You'll find a little of everything here. Genres covered in this blog include (so far) prehistorics, fantasy, old west, swashbucklers, pulp, Blood Bowl, Ghostbusters, gladiators, nautical, science fiction and samurai in 6mm, 15mm, 28mm, 40mm, 42mm and 54mm sizes. You'll also find terrain, scenery, basing, gaming, modeling, tutorials, repaints, conversions, art and thoughts in general about the hobby.


Friday, October 11, 2013

My favorite miniatures companies


Caveman chief made from one of Bronze Age Miniatures'
54mm generic male figures.
I took a long look at my collection and pondered, of all them, which could I part with and which would I keep. Which, if a fire destroyed everything, would I replace first.

Two of my collections stuck out, Steve Barber's 42mm samurai range and Bronze Age Miniature's generic figures (from which I've created my post-apoc collection.)

Both companies produce other great figures (if I had space, I'd have bought all of David's ((Bronze Age)) Wasteland Mutants and Frazetta-esque barbarians.)  And hell, I like Steve's samurai so much, I've commissioned two figures myself to be sculpted (one is an archer already seen on my blog, and the second, a multipart unarmored samurai, we just recently started the process on.)

But it's not just the great sculpting that I love; The figures I have from these two companies are those that I've converted the most. David's generic figures are especially apt for those looking to practice converting and sculpting. I love the 54mm generics. You can make anything with those, and I mean ANYthing; I've even seen someone turn them into original series Star Trek characters, something I still want to eventually try out myself.

Though at 42mm, Steve Barber's samurai are a
niche range, the larger scale allows for some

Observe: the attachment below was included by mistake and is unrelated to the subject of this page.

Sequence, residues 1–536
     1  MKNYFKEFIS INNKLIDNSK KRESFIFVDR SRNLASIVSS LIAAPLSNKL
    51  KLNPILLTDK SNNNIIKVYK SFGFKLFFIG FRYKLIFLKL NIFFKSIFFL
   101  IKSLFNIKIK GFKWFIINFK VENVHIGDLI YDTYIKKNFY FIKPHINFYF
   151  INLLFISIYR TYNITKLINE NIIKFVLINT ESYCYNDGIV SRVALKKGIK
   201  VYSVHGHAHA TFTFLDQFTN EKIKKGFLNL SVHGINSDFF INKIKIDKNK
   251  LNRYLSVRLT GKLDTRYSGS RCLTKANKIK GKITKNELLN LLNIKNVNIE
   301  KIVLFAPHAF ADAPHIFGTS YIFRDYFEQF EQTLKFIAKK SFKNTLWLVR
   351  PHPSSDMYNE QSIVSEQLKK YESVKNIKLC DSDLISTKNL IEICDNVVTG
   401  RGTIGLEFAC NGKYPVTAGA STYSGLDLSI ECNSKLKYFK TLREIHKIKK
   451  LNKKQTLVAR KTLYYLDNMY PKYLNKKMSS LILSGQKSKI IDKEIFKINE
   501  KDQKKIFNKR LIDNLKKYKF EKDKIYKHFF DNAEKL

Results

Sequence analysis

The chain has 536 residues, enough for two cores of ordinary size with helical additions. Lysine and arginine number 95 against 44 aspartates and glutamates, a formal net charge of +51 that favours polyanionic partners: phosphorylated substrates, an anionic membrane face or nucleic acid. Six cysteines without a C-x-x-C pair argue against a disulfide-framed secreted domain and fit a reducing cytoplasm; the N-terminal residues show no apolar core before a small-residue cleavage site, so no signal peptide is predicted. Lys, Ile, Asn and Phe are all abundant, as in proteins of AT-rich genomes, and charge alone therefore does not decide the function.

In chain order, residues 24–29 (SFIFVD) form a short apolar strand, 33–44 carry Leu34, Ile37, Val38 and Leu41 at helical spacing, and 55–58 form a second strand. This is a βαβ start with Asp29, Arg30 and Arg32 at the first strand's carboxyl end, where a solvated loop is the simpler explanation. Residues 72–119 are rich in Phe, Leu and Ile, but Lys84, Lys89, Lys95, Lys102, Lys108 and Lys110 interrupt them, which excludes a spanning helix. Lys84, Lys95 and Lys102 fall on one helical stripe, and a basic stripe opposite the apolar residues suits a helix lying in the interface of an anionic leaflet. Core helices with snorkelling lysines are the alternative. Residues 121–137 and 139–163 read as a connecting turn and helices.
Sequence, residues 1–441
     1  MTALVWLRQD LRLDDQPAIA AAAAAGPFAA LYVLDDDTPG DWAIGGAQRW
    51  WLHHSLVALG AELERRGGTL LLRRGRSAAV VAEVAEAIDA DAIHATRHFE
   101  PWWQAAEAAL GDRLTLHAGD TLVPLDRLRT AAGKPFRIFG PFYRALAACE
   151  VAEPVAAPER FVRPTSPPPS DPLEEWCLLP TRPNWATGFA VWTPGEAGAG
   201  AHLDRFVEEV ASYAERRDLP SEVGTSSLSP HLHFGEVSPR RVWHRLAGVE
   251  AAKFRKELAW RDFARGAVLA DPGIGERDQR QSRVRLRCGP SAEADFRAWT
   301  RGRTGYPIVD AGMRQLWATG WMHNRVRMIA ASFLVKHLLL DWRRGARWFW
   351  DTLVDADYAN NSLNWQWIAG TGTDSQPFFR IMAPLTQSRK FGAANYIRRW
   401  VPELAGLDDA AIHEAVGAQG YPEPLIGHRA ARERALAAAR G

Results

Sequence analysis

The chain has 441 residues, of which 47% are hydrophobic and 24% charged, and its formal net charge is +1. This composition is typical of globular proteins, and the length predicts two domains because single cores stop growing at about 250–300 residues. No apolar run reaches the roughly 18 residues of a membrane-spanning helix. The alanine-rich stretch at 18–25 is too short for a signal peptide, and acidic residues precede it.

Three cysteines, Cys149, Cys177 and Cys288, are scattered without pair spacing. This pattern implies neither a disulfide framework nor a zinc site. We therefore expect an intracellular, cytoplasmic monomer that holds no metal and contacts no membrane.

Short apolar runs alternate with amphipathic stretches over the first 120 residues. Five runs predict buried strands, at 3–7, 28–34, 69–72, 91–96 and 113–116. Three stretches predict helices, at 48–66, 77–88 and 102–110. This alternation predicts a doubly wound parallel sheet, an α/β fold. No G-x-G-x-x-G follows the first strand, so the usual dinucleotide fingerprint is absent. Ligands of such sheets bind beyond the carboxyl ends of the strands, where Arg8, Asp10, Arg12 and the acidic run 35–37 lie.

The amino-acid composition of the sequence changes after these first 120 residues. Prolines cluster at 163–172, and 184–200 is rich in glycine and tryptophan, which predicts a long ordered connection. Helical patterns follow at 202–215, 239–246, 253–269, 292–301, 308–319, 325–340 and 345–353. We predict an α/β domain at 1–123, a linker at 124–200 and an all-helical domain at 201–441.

easily attained painting results. 
But until then, I'll continue to add to my post-apoc 54s; I'll be making an all-female Qwik team here next. Anyway, if you haven't visited either company, check'em out. Steve and David are great guys and do some nice figures. And yes, they do other scales besides 42 and 54:

Bronze Age Miniatures

Steve Barber Models

Zombicide 2 note:
Tonight, Bryon came over and we had a painting session. He's painting some old-school stuff his future father-in-law gave him, and I started to paint my Zombicide (Season 2) stuff, mostly to see if they would paint up better than those damn Bones figures*. Unlike Bones, my Zombicide figures took a coat of primer like a champ. And unlike my Dreadball figures, the Zombicide figures had little to no mold lines.

OK, there was a touch of tackiness after priming, but a quick layer of acrylic fixed that lickity-split. I'll be painting up all the survivors, but the zombies I'll leave gray and faceless as the undead mob should be.

Zombicide Season 2 survivor. Painting contemporary
figures is a cinch: Shirt, pants, shoes, weapon, done.
*OK, I don't hate the Bones figures so much now that I've finally worked out a process where the paint won't chip off as easy as dried leaves, so some of them may still be useful to me.

My process, if you want to know: Brush prime with Ceramcoat Black; paint as usual; varnish with Krylon Gloss; varnish with Testors Dullcoat. Easy peasy!

You may be able to skip the gloss coat. I simply did it out of habit. But I (or my patron Jeff, rather) haven't had any trouble yet with chipping paint.


1 comment:

  1. The caveman chief and the samurais are amazing!!

    ReplyDelete